How Far Apart Should Chain Link Fence Posts Be?

We assume you plan to install a chain-link fence in your yard, but aren't sure how far apart to space the posts. Indeed, you have come to the right place! We have asked some experts to learn the best distance between chain-link posts.

The most common chain-link fence post spacing is between four feet to 10 feet apart. And you can consider using six feet to eight feet post spacing if you want to incorporate privacy slats or materials that would increase wind load.

If we are correct that you plan to install a chain-link fence in your yard, it would be best if you keep reading. We have so much information to share with you that might help you in the installation process.

chain link fence, How Far Apart Should Chain Link Fence Posts Be?

Chain Link Fence Posts Spacing

Black Chain Link Fence

You can place the holes farther apart because chain-link fence posts are more durable and diminutive than any other type. We suggest you follow the standard manufacturer's suggestion to have a post spacing that runs from four feet to 10 feet. And you should strictly not exceed over 10 feet.

Importance Of Having The Right Post Spacing

chain link fence

After deciding on the proper materials for fencing your home, the most crucial step is determining the ideal fence spacing. Post spacing will provide you with the structure for installing fences around the perimeter of your property.

Increasing security is the main advantage of closer spacing. You can improve the amount of support your fence provides by adding more line posts.

In addition, the distance between the fence posts is significant since it directly impacts the fence’s stability and strength. Doing such can also reduce the possibilities of future maintenance because the chain-link fence has more points of contact to protect itself from external forces.

And it would be best if you give your posts proper spacing for the fence to remain stable and sturdy while installing it at a low cost.

On the other hand, wider spacing can be the best solution if you only want temporary fencing. The reason is that it can lower the material and labor costs.

Factors Affecting Fence Posts Distance

Several factors influence the distance between fence posts, including:

The Weight Of The Fencing Material

chain link fence stocking in a werehouse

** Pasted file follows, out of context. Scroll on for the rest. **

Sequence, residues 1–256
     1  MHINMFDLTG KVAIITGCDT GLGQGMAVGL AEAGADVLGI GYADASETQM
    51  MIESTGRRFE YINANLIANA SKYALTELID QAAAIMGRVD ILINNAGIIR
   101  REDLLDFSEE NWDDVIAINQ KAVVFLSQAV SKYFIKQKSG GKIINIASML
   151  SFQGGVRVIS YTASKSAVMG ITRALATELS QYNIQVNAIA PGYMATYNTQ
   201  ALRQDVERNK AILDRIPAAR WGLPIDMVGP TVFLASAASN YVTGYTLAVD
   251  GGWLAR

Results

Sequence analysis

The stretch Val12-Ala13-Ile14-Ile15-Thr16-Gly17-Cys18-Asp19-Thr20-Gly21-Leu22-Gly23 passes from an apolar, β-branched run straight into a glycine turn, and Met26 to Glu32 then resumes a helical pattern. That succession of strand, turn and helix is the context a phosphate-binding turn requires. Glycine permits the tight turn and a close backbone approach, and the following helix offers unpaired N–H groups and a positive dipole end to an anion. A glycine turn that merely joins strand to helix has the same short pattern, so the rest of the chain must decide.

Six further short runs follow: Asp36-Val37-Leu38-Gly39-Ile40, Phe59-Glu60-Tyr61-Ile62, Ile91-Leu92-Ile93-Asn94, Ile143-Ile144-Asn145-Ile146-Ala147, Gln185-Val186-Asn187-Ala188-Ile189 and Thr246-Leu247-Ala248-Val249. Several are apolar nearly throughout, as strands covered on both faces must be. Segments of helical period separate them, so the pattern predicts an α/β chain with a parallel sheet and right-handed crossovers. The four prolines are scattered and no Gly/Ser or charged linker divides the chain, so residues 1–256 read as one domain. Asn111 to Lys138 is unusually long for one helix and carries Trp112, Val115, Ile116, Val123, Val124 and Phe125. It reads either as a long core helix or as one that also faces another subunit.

You can determine the distance of every fence post from each other by the weight of the fencing material you are utilizing. If you use heavy material, you should maintain the space between the posts to a minimum. However, if you use a lighter fencing material, you can keep the spacing a little wider.

The Topography Of The Land

The terrain on which you will be placing the fencing impacts the distance between fence posts.

The Fence's Purpose

A pair of dogs, one black and one white and brown, are seen through a chain link fence.

The chain-link fence spacing will also depend on the usage. If you plan to install one for your pets or other animals, you should make the posts have a closer spacing to provide a more robust and durable structure. Doing so will restrict the force of the animals leaning against the chain-link fence.

Soil Composition

Another factor you should consider for the fence posts spacing is the type of soil available or the ground conditions. If the location where you want to install your fence has black cotton soil, it would be best to set them at a deeper depth and closer to each other. Doing so will prevent fence movement.

Because low-bearing capacity soils necessitate longer fence posts, you must set them at a deeper depth.

The Stability And Strength Of The Fence Posts

If you choose to utilize high-strength and quality fence posts such as steel or concrete, then it is okay if you want to increase the spacing between the posts. Fence posts with a high-strength factor can allow you to exceed the 10-foot maximum to 12 feet instead.

How Do You Set Chain Link Fence Posts?

Since we are already talking about the proper distancing between fence posts, we might consider the process of installing them, as well.

Step 1: